Hi Joshua,

On 9/29/2010 2:26 PM, Joshua Ballanco wrote:
> I think that if you can strive for more duck-typing and less reliance on classes, you'll have better Ruby code at the end of the day. If you would rather do a class-based system, there are probably better languages for you.
>
I'm not a fan of blanket statements like these. Neither am I a fan of 
that kind of a conclusion. The Ruby solution is not always "remove class 
coupling". Again, I should bring around the point that Ruby is 
multi-paradigm, and has class based support for a good reason. If you 
want Ruby minus the classes, maybe LISP is a better language for you. 
For the rest of us, classes will be a mainstay in the way things are 
done. In any case, your opinion on classes or duck-typing doesn't really 
have much effect on the actual proposal, since annotated types could 
support (and would be useful for) either one.

> The reason is that your code becomes very self-documenting when the method names stick to the rule of "say what you do". I think the many forms of slice are an unfortunate Perl-ism, and I wouldn't mind renaming them at all.
>

The problem here is that you can't rename methods like #[], or 
operators. #slice is also known as #[] (as I pointed out), and must 
therefore work as "str"[...]. And commonly overloaded operators like +, 
===, and especially <=> would also benefit from this syntax. In any 
case, I don't believe the Obj-C way of doing things is the right way 
here. I wouldn't want to have "xyz".slice_with_range(). As we discussed 
earlier, the advantage of using Ruby and duck-typing is that you can 
have simple APIs that "Just Work". For instance, if I wanted to slice a 
String sometimes at a Fixnum but other times at Range, I would need to 
think about what I was calling and have an if statement that chose 
between two methods.

     if range_end?
       str.slice_with_range(start...finish)
     else
       str.slice_with_fixnum(start)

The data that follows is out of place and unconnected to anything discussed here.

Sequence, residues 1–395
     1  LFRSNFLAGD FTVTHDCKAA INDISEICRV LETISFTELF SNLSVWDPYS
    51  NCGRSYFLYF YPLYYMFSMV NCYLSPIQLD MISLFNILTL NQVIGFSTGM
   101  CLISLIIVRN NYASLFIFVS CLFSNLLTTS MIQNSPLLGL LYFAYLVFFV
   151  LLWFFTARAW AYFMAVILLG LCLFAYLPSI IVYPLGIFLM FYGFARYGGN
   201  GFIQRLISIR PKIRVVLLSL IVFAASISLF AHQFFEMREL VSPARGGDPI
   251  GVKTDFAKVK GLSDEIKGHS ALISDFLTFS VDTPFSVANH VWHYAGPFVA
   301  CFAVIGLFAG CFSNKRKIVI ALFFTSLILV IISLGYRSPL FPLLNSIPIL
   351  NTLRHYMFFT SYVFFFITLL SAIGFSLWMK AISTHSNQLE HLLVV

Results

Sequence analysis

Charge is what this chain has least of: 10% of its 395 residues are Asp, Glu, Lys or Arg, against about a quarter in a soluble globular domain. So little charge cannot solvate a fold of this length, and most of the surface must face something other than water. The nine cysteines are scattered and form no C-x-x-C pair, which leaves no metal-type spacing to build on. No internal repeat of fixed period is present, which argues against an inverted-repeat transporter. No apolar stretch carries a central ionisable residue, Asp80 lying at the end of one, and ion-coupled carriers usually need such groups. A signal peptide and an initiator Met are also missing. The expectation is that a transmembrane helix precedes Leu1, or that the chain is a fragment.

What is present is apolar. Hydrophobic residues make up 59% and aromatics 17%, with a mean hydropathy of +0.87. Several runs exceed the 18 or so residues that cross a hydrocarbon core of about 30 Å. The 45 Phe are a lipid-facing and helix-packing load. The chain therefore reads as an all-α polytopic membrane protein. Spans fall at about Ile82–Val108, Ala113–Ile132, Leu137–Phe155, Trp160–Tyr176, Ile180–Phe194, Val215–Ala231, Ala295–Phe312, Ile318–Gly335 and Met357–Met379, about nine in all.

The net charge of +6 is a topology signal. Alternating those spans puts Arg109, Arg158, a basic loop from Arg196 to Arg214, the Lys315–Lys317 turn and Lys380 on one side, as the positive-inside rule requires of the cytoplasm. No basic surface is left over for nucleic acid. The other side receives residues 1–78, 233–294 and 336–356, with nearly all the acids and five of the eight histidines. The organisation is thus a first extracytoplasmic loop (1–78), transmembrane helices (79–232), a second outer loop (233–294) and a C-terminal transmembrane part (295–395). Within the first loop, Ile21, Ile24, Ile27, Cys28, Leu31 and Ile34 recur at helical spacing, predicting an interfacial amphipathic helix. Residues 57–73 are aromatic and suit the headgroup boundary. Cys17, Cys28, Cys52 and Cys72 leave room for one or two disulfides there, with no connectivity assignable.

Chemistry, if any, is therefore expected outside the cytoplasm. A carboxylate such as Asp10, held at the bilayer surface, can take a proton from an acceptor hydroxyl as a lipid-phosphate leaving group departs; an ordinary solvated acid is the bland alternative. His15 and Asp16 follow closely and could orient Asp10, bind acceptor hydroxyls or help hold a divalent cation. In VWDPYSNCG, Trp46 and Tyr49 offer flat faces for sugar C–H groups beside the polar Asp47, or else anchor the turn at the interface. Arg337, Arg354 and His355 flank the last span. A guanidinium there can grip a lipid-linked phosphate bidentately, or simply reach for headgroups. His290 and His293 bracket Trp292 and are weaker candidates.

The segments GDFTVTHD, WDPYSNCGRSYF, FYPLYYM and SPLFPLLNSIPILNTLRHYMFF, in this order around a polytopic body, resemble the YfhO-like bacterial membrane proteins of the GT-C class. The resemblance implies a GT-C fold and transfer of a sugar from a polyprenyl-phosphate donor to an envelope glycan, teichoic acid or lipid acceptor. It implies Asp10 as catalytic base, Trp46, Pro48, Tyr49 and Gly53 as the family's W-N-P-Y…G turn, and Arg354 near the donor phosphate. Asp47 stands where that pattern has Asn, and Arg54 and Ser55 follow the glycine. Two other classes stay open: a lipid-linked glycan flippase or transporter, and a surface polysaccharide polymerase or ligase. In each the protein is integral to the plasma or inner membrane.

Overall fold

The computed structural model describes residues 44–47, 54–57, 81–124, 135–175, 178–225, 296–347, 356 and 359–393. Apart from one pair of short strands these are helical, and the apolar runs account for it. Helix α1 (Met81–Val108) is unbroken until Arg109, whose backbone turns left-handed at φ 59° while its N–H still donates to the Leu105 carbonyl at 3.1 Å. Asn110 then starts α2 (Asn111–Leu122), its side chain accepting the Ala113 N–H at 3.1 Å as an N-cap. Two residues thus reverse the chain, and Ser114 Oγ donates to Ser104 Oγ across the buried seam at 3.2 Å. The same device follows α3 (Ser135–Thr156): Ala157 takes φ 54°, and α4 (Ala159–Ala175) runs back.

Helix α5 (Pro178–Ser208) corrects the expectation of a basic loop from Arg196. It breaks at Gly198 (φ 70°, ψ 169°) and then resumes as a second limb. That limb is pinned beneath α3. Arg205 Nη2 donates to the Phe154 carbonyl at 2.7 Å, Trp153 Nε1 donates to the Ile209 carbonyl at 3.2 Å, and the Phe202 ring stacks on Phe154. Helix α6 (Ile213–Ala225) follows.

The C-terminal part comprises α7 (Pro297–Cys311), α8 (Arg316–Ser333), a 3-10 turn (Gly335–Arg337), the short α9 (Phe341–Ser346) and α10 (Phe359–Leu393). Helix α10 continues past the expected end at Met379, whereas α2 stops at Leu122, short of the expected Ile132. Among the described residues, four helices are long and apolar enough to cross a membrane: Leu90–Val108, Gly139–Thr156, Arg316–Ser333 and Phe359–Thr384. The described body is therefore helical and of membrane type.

end

Having a single verb #slice simplifies this:

     str.slice(range_end? ? start...finish : start)

Naming things verbosely doesn't really solve the overloading problem, it 
only solves the documentation problem (and only partly).

>> The way I see it, these type annotations *are* a DbC syntax. Why do you see it as otherwise?
> I don't. Sorry, I guess I wasn't being clear. It's not that I don't like the idea of checking arguments for methods. It's that DbC is bigger than just that. My view on this is that we shouldn't just stop at method checks. I'd like to see Ruby gain the full suite of DbC capabilities.

You want full DbC capabilities but don't encourage adding type 
information? A "full" DbC implementation includes static checking, and 
that can *only* happen with type information. Without types the best you 
can do is Runtime Assertion Checking (RAC). Frankly, Ruby will never get 
to static DbC verification, because it will never have static types, 
however you can get a lot closer by annotating when the compiler needs 
more information.

More specifically, I pose you this question: how do you expect to have 
"full" DbC capabilities, or even partial ones, without type information? 
You can merge this answer with the next quote, since I have a feeling 
they're related.

>> Weren't you just all about the duck-typing, and now you're calling them unreliable and difficult? :) In any case, I don't think that's very relevant.
> Au contraire! I think this is the *most relevant part of the issue*. As I've said in a few other messages in this thread: I'm not against having type information or being warned about type conflicts. What I don't want is I don't want to have to type in the information by hand!

You want type information but don't want to add it? Where will the type 
information come from if not "by hand"? The compiler can only go so far 
in terms of type inference. Specifically, inferring types of parameters 
is nearly impossible, and any form of metaprogramming would completely 
throw the compiler into a loop. The only way to fill in these gaps is to 
add these types in as annotations.
> I think I do understand your proposal, but I think it's a lazy short-cut solution to a more fundamental problem. Could we have better tools, better warnings, and maybe some small performance improvements by allowing for optional type annotation? Sure! But its a hack. I would like to see Ruby solve this problem in a more fundamental way...

Where's the hack, or rather, what's the fundamental problem, then? If 
the fundamental problem is "people shouldn't need the tools or warnings 
in the first place", I'm not buying that. It seems to me as though 
you're stance on this matter is far more ideological and far less 
practical than it should be. I certainly appreciate that, but this is 
not an ideological issue-- I mean, the typing would be *optional*. If 
you wouldn't see a benefit from this, you can certainly opt-out. On the 
other hand, I see no problem with getting better tools, better warnings 
and small performance improvements by allowing optional type 
annotations. I'll bet the majority of users solving practical problems 
would agree. In fact, I find it extremely hard to argue against "better" 
anything if the cost only involves adding an optional syntax.

- Loren